Do hospitals alone provide genuine healthcare
Do hospitals alone provide genuine healthcare?

Baba Ramdevs trusts selling Ayurvedic medicines in India and abroad are now in the eye of a storm The IncomeTax Department has slapped them with a tax bill of Rs 58 crore for the assessment year 200910 on the ground that these activities are commercial in nature

Most noncorporate hospitals outside the government sector are constituted as public charitable trusts for providing medical relief And most of the educational institutions in the country outside the government sector are constituted as public charitable trusts for providing education The definition of charitable purpose includes medical relief and education

The Supreme Court had long ago held that the idea of charity for incometax purposes is not the same as commonly understood offering goods and services gratis or free of cost to the beneficiary In the event all these hospitals and educational institutions enjoy taxfree income despite charging market rates from their patients and students respectively but they are supposed to recycle the profits from these activities into the same charitable purposes within the prescribed time It is another matter though that in the course of recycling the architect of the trust the trustees and those in their charmed circle benefit immensely


Now to a related issue There is somehow a strange consensus among authorities that hospitals alone provide genuine healthcare The scepticism with which Ramdevs medicine sale activity has been approached by the Department is of a piece with the dismissive attitude towards medication expenses incurred by employees While generally all hospitalisation expenses reimbursed by the employer to employees are taxfree the cost of medicines reimbursed is exempt up to a measly Rs 15000 a year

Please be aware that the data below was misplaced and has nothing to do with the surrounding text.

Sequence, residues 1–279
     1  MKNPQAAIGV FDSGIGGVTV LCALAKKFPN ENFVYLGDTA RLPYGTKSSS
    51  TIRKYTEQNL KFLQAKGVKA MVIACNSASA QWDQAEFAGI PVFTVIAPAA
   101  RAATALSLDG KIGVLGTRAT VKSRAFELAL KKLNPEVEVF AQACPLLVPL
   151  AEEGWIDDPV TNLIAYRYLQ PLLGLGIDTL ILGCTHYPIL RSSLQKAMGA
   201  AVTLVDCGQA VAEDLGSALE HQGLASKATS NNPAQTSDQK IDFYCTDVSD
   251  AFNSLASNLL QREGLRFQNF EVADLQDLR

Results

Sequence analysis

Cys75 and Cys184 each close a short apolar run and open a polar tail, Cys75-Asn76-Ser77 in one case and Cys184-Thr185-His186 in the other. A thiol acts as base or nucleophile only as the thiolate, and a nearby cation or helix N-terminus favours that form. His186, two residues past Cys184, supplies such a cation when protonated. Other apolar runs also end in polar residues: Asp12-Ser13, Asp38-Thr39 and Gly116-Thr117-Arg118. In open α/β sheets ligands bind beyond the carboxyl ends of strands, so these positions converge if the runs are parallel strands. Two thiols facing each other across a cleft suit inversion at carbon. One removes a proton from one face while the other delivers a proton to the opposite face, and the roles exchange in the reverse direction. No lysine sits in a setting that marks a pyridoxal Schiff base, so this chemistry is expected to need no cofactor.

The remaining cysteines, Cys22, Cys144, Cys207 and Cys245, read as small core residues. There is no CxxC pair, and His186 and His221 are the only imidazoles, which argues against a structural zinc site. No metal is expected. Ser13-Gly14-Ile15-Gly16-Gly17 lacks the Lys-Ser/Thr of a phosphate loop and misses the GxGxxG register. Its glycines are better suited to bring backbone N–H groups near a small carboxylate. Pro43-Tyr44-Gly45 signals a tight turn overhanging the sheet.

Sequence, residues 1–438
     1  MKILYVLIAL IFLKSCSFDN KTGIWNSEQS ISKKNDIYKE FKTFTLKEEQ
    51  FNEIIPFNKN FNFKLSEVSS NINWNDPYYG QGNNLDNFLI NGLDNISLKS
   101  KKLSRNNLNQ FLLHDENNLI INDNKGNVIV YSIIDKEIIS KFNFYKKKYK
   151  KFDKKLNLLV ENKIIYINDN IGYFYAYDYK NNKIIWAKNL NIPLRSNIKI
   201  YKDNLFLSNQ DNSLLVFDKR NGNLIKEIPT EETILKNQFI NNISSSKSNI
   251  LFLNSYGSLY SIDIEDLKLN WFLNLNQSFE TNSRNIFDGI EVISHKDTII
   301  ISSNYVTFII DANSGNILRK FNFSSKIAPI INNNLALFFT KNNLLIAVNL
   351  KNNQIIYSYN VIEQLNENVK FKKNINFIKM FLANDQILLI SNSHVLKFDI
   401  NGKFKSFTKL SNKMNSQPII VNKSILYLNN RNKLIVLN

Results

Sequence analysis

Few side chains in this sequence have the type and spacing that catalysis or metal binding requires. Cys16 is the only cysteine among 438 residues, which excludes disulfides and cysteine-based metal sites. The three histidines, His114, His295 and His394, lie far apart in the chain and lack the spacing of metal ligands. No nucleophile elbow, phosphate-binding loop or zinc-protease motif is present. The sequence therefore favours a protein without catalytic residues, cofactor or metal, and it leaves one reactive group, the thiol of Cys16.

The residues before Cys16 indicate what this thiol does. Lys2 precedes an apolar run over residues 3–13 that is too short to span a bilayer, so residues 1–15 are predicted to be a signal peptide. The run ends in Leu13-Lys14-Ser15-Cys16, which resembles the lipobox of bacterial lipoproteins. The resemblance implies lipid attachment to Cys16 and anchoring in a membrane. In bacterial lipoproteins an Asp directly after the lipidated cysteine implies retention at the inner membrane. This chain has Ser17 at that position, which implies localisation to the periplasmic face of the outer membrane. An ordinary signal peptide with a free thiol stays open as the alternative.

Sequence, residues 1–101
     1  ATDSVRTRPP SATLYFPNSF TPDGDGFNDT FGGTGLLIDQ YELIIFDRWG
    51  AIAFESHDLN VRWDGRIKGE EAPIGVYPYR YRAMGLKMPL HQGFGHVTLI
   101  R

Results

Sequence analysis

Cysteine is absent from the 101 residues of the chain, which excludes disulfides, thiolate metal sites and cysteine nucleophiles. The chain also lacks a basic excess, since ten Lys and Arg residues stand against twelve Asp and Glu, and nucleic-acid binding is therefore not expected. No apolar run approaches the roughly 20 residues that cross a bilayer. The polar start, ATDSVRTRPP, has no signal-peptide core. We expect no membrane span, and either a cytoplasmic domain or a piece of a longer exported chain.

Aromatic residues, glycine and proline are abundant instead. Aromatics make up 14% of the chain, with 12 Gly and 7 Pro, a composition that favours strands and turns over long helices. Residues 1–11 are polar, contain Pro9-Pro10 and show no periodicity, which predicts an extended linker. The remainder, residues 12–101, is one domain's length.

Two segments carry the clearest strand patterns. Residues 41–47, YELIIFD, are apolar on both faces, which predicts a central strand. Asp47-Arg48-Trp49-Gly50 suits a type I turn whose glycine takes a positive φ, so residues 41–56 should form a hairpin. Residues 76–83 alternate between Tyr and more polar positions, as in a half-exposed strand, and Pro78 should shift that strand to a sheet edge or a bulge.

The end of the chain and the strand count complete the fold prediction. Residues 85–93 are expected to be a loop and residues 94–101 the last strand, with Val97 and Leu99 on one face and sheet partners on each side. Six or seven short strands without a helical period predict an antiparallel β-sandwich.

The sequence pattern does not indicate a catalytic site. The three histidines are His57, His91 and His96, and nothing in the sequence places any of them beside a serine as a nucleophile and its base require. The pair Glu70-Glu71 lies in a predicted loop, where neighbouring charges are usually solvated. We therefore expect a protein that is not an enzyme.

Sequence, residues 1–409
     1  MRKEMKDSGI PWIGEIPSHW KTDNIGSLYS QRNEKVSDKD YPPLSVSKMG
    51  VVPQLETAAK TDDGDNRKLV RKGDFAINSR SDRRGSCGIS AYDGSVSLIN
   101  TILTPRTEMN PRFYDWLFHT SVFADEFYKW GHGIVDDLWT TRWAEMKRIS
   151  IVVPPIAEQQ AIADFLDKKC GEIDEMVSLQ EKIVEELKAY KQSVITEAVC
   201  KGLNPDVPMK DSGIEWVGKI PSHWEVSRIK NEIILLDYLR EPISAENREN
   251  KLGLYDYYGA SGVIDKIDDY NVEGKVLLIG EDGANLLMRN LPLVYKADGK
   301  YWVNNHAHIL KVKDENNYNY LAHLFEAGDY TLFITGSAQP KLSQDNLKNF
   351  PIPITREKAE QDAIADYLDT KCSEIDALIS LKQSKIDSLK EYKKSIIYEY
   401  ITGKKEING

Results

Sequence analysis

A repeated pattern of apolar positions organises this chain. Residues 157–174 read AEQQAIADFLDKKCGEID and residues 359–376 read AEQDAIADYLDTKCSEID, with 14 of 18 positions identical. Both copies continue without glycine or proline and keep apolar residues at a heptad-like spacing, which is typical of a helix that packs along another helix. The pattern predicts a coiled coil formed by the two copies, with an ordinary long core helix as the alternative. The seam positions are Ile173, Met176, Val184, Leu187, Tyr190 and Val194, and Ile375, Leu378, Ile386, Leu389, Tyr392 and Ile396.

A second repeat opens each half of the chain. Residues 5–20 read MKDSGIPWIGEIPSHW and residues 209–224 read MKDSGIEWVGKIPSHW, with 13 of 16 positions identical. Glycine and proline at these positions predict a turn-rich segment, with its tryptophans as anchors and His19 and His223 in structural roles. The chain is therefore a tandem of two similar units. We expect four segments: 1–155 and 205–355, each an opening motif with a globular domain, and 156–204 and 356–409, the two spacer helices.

This is patently unfair A child fracturing her leg may be hospitalised and the employer may pick up the tab This would be taxfree in the hands of the employee if the hospital is an approved one But the cost of lifelong diabetic medicines purchased for his parents do not pass muster similarly because they are not hospitalisation expenses

The Department naturally is deeply suspicious of chemists bills because it is common knowledge that they are pliable and often give bills for the asking for a suitable quid pro quo purchase of toiletries health drinks or payment of commission While it is true that fake chemists bills are that much easier to generate visagravevis hospital bills it would be wrong to tar everyone with the same brush

There is no reason why the cost of diabetes medication reimbursed by the employer should not be fully taxfree subject to the medicines having been prescribed by a doctor of approved hospitals It is not only the taxman who views nonhospitalisation expenses with scepticism Insurers too refuse to pick up the tabs stemming out of mediclaim policies if the patient was not hospitalised for a prescribed minimum duration


Health experts too now believe in the clicheacuted expression prevention is better than cure Most ayurvedic medicines may belong to the preventive genre but that by itself does not disqualify them from being called medicines The Supreme Court has in a number of cases allowed zero duty status for preventive ayurvedic medicines on a par with curative ayurvedic medicines Enlightened insurance companies also see wisdom in reimbursing preventive expenses like a treadmill that have the potential to keep heart attacks and high blood pressure at bay and therefore also hefty medical bills

The taxmans grouse in Ramdevs case however does not arise from the hairsplitting between preventive and curative medicines An impression somehow has gained ground that services are more honourable and hence more worthy of exemption than sale of goods Which is why a charitable hospital run as a public trust is let off whereas a charitable public trust selling medicines is looked at with a microscope

The Tax Department has a point though most educational institutions and hospitals enjoying taxfree income in this country make horrendous profits but thumb their noses at the taxman A wholesale amendment to the incometax law that taxes all profits whether earned by a public trust or a commercial organisation is required to address the conundrum Sale of goods alone should not fuel the suspicion of the taxman that the activity is commercial Even proffering of services can be commercial

Date : 26 May, 2012
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